Hi!

I'm Alison, a yoga instructor and lifestyle blogger living in San Francisco. I grew up in Southern California (Long Beach, to be exact), went to college on the Central Coast, and now live up north in the Bay Area with my husband Chris and our fur baby, Zeus. I love sharing my adventures in fitness, food, travel -- I hope they inspire you to live your happiest and healthiest life!

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How to: Vinyasa

How to: Vinyasa

So my sister took these photos for me months ago and I was so critical of myself in the photos that I never got around to posting them -- until I realized how silly of me that was! Sure I was a little bummed the lighting didn't quite work out for half the shots I wanted and that I never got the "perfect" plank shot captured, but then I reminded myself what I so often try to remind my students in class. It's not about how the pose looks, it's about how it makes you feel.

Closing your eyes to roll through some cat-cows and not caring what it looks like is one of the most glorious feelings in the world! On top of not caring what the pose looks like, it's important to remember that we don't have to have a "perfect pose". To embrace wherever we may be at along our journey in life. Besides, its called a yoga practice for a reason. 

With that being said, I asked her to take these photos because I've been wanting to post more yoga related things to the blog, and I'd love to hear if there's anything in particular you'd like to see (seriously, send me a message or leave comments below)!

To kick things off, I knew I wanted to start with a 'How to Vinyasa' post because this little flow is something I try to incorporate into each and every day. While the word vinyasa means movement with breath, I’m sharing the typical vinyasa I teach leading up to a downward facing dog (often instructed at the end of a standing series or as part of sun salutations). If you're interested in adding a little flow to your day, check out the sequence below:

 

Plank Pose

Plank is often referred to as "top of a push up" which I think paints a pretty clear picture of this pose. Stack your shoulders directly over your wrists and spread all ten fingers out wide. Lift your hips so that your body makes one straight line from head to toe. Engage your abdominal (core) muscles by lifting your belly button up towards your spine. Tuck your tailbone towards your heels to prevent arching in your low back.  Lift your knee caps up to engage your quads (thighs). Reach out through your heels to keep legs engaged. Gaze towards the top of your mat and breathe.

"Yoga Push Up"

Chaturanga Dandasana

From plank pose, inhale and rock forward on your toes so your shoulders shift forward of your hands. As you exhale, lower your body half way to the ground by bending your elbows and hugging them in towards the ribs as you lower.** Continue to lift your navel towards your spine to keep your core engaged. Keep your shoulders lifted up away from the mat as you lower down (they should not dip lower than your elbows). Gaze slightly ahead of you/towards the top of your mat to keep your neck long.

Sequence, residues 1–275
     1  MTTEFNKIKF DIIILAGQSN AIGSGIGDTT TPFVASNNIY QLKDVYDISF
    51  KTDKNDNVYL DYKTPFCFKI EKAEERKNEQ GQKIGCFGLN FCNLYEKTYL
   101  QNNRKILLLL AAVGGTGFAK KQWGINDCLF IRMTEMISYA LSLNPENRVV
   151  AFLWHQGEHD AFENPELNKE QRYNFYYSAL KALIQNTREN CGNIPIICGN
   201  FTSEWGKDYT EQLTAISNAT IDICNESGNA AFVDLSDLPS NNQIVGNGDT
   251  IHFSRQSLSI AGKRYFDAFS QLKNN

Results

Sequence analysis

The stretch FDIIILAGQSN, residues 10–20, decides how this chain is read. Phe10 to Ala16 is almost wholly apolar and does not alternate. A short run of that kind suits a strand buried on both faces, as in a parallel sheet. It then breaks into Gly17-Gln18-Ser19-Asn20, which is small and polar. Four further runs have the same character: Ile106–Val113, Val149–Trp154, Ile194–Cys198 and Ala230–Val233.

** Modification: Knees can be lowered in this pose to work on building core, shoulder, and upper arm strength.

Upward Facing Dog

Urdhva Mukha Svanasana

From Chaturanga, inhale as you straighten your arms, flip your toes under, and allow your hips to drop down towards the ground. Draw your shoulders back and down away from your ears while you press down through the tops of your toes, knees and thighs lift up away from the mat. Gaze up slightly if it is comfortable on your neck. 

Downward Facing Dog

Adho Mukha Svanasana

From upward facing dog, exhale to lift your hips up and back, and tuck your toes underneath you. Keep a generous bend in your knees to slowly warm the backside of your legs. You can also "walk out your dog" here by bending one knee at a time and dropping the opposite heel down, stretching your hamstrings and calves.

Check that your hands are still shoulder distance apart and all ten fingers are spread wide, making a nice big "L" with your pointer finger and thumb. Ground down through your fingertips and the base of your fingers. Reach your sit bones up to the sky and keep the spine long and straight. Allow your head to come in line with your arms and let your chest relax towards the top of your thighs. Breathe here.

While I'm presenting this vinyasa as a sequence of poses, each pose can be practiced separately too, of course. Feel free to practice any and all of them taking as many breaths as feel comfortable to you. 

Photos by Natalie M. Jones

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